Tuesday, June 16, 2015

Law firms donate a little, get a lot despite NJ's pay-to-play law

By on 11:48 PM

The five law firms with the biggest contracts in Middlesex County gave a total of $134,075 to the political campaigns of county freeholders, who determine which firms get these lucrative contracts. And they made $3.1 million in county money from 2012 to 2014 from those contracts.

The bulk of the donations -- more than $65,000 -- came from Wilentz, Goldman & Spitzer of Woodbridge, one of the most politically connected law firms in the state with particularly strong ties to the Middlesex County Democratic Organization.

Stacey Bersani, the spokeswoman for the county, said Middlesex County "strictly abides by the state's pay-to-play law."
Law firms
Experts in the law say she is correct. This practice is completely legal under the state's pay-to-play law.

While state law prohibit contractors from donating to county political parties and limits the amount of individual contributions from contractors to freeholders to $300, there are a few ways to get around the law, according to Jeffrey Brindle, executive director of the New Jersey Election Commission.

Fair and open

"There is a loophole known as the "fair and open" provision. If that is invoked, the amount goes to $2,600," Brindle says. Under fair and open, a contract would have to be put out to bid and advertised, but there's no restriction over who could be awarded that contract.

The problems, says Harry Pozycki, the father of New Jersey's pay-to-play law and a former county freeholder, is that since the law was adopted in 2006, contractors have been looking for ways to circumvent it. The law isn't perfect and needs to be tweaked, he said.

"It's getting crazy," said Pozycki, who is also the chairman of The Citizens Campaign, a citizen activist nonprofit organization. "Its good to have pay-to-play laws because any time you can create distance between an entity and contracts is a good thing, but they are circumvented."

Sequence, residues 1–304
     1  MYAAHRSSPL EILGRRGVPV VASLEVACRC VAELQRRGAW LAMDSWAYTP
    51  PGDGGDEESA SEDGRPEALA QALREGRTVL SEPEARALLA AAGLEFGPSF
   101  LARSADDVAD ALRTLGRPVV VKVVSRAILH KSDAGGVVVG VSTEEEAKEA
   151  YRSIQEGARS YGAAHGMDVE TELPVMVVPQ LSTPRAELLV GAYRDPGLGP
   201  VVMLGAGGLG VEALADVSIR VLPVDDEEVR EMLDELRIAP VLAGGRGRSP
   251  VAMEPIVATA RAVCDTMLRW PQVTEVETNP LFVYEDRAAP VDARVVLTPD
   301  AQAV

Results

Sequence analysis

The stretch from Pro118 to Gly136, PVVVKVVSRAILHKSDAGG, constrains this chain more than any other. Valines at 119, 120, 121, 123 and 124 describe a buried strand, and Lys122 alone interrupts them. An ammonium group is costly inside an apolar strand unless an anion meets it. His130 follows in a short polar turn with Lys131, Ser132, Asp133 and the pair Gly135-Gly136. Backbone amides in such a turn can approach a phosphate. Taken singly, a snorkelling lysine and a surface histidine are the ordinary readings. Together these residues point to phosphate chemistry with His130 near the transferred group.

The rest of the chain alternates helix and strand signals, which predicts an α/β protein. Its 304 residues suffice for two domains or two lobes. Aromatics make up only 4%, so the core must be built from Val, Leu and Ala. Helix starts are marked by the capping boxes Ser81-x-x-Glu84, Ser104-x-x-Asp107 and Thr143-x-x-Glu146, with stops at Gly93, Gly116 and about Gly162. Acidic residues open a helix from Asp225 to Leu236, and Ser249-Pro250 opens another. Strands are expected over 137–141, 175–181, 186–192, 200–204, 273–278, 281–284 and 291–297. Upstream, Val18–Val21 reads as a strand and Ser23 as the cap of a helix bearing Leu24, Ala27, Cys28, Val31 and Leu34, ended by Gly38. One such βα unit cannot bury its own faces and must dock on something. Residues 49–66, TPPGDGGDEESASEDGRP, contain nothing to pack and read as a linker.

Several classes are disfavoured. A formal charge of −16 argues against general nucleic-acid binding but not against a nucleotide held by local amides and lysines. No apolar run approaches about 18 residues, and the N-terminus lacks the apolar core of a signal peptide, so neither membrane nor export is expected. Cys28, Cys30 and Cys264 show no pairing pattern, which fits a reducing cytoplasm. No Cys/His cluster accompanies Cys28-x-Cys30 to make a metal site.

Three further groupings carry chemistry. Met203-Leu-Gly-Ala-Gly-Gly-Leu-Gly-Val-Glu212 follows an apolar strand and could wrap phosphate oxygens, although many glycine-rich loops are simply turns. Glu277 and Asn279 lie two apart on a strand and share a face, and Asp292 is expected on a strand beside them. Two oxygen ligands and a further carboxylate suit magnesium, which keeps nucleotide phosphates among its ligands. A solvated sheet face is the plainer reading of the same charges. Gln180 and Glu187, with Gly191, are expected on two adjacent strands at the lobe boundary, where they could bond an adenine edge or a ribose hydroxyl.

Ben Dworkin, a political science professor at Rider University's Rebovich Institute, said every time some kind of campaign finance reform is adopted, "it rarely closes all of the loopholes.

"There's an old adage that money in politics is like water on pavement, it will always find the cracks," Dworkin says. "If you close a loophole in the law, they'll always find a way to get the money there (to campaigns)."


The Wilentz firm is Middlesex County's bond counsel and made $150,266 last year, according to records supplied by the county.

The firm and eight of its employees also gave thousands of dollars in donations to the campaigns of the two Democrats on the freeholder board who were running for re-election, Charles Tomaro and Carol Barrett Bellante.

According to reports submitted by the law firm to the state Election Commission, as required under the state's pay-to-play law, the Wilentz firm and its employees gave Tomaro's campaign $9,000 and Barrett-Bellante's campaign $11,050.

Dvorak & Associates of New Brunswick, one of the law firms representing the Middlesex County Joint Liability Insurance Fund Defense, made $264,642 from its contract with the county in 2013, and donated $5,000 to the re-election campaigns of Freeholders Blanquita Valenti, Kenneth Armwood and Charles Kenny. The firm also donated $2,000 to a Democratic political action committee, the Coalition for Government Efficiency.

Even the law firm of Thomas Kelso, the county's counsel, made donations to freeholder re-election campaigns in 2012 and 2013. Kelso's firm, Kelso & Bradshaw, made the most with $1.2 million in county contracts, including the firm's contract to represent the county as general counsel.

Local laws

Counties and municipalities can also forego the state law by adopting their own pay-to-play ordinances and laws. Middlesex County does not have its own law, although 14 out of its 25 municipalities—do, including the two largest, Edison and Woodbridge.

There are more than 200 counties, county agencies and municipalities in the state that have their own pay-to-play laws. A complete list is available on the N. J. Department of State website.

Brian Amaral and Anthony Attrino contributed to this report.

Pay to play alive and well in Middlesex County

Data from 2012 to 2014 shows the amount that law firms donated to Democratic candidates and causes in Middlesex County, and the amount those law firms received in county contracts the same years.

Convery & Convery & Shihar contracts


Wilentz donations


Wilentz contracts


Martin Kane Kuper donations


Martin Kane Kuper contracts


Kelso & Bradshaw donations


Kelso & Bradshaw contracts


Dvorak & Assoc. donations


Dvorak & Assoc. contracts


Convery & Convery & Shihar donations


Convery & Convery & Shihar contracts

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